It's really hard to convince someone to do something for somebody else—especially if you don't know very much about who they are. It's kind of like the way that President Barack Obama has shown he knows very little about Hispanic-Americans. So when I went went to American Heritage High School in Plantation, Fla., to ask students about the social policy priorities of Obama's second term, I wasn't surprised by their responses.

The "personal priorities" of these 17-year-olds from affluent families attending a prep school in South Florida were somewhat predictable. These put climate change and gay rights at the top of the list by a whopping 35 and 30 percent, respectively. What's more interesting is that they put gun control as number three.

But then I turned the question around on them. I asked, "Forget about what you want and tell me what what you think the president should do strategically."

Let me pause here for some reflection. First, on gun control. It's a red-hot issue, but it's also red meat for the base. That means if President Obama moves in a heavy-handed way to severely restrict gun rights in any way, the backlash will be swift, furious and, from a political perspective, completely unnecessary. Even if successful, an Obama win on gun control will give the NRA the sympathy it craves and the power to make life a living hell for the Democrats. Remember what the health care lobby did post Obamacare? Exactly.

Now let's move on to gay rights, or more specifically, same sex marriage. It is very much an issue where the president has collected enormous amounts of political capital for a variety of reasons, including coming out in support of same sex couples' right to marry in May of last year and now becoming the first president to mention gays in an inaugural speech and bring the matter front and center. Obama presently owns the issue, and it's not like the LGBT community is looking for an excuse to vote Republican. So why make waves? In the end, this is one that will be decided by the courts, not the White House. And the president would be smart to not interfere.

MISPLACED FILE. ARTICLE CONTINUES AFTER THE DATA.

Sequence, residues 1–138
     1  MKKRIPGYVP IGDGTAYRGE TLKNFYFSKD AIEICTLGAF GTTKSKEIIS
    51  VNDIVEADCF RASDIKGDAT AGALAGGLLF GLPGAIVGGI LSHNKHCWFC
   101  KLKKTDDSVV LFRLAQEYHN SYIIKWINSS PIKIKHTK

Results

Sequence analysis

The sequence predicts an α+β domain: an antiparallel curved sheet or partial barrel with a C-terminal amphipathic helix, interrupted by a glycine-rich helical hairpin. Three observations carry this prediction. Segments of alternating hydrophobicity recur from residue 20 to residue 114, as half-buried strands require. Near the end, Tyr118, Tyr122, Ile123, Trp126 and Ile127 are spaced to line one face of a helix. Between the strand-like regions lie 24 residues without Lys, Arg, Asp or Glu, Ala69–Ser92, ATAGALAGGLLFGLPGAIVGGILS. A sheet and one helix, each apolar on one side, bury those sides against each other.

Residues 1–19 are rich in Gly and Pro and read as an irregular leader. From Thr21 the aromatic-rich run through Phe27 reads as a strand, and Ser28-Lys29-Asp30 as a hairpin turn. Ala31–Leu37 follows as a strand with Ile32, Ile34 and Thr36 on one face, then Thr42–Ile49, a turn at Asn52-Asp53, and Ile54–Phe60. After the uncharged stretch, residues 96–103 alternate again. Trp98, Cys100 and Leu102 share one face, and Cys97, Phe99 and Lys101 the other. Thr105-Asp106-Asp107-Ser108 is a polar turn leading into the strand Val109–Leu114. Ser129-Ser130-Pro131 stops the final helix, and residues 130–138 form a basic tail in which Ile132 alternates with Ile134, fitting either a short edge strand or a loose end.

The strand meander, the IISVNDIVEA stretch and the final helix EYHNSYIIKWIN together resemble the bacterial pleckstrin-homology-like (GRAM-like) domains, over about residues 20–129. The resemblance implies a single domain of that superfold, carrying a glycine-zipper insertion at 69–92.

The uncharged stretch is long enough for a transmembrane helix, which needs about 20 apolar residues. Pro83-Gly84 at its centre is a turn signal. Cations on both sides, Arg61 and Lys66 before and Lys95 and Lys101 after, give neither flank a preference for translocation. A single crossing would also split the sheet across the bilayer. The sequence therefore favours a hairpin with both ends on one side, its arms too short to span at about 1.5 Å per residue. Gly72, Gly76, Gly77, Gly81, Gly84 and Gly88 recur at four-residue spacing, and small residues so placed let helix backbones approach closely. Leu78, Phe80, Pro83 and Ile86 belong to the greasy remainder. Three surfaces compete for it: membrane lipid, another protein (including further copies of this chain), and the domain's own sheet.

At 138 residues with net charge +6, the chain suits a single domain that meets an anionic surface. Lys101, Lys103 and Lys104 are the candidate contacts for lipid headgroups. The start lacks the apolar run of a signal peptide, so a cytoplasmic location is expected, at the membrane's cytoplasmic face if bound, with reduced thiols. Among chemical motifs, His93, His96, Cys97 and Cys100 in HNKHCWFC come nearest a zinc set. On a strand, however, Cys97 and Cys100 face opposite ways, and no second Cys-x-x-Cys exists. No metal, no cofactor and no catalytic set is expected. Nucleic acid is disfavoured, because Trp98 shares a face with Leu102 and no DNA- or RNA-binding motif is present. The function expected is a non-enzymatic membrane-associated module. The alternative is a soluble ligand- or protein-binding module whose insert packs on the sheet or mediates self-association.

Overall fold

Number three is climate change. Going to battle with Congress on this issue would be extremely messy. That's why even environmental advocacy groups are telling the president to steer clear of turning this into a political hot potato.  Eric Pooley, senior vice president of the Environmental Defense Fund, is admitting that this is not a year one priority, warning supporters that "serious climate legislation isn't in the cards this year."

That leaves us with comprehensive immigration reform, which with each passing day appears more and more possible. The headline in Wednesday's Washington Post that elicited a multitude of collective "wows" from my colleagues around the country said it all: "Poll: Most back path to citizenship for illegal immigrants as Republican opposition declines."   

The story goes on to say that more than 6 in 10 Americans now favor allowing undocumented immigrants to eventually become U.S. citizens, according to a new Associated Press-GfK poll. The story also points out that the major increase in support is driven by a turnaround in Republicans’ opinions after the 2012 elections.
  
Which brings us back to my students when asked what the President should do strategically. These 17-year olds were able to put aside their own personal wants and needs and choose rationally what makes the most sense for the country. An overwhelming majority--62 percent--said the president should push first and foremost for comprehensive immigration reform that creates a pathway to citizenship for the the 6 to 10 million Latinos who are presently living in the shadows.

Let's hope the president takes on an issue that even 11th graders prioritize.

Rick Sanchez is a contributor for Fox News Latino.

 

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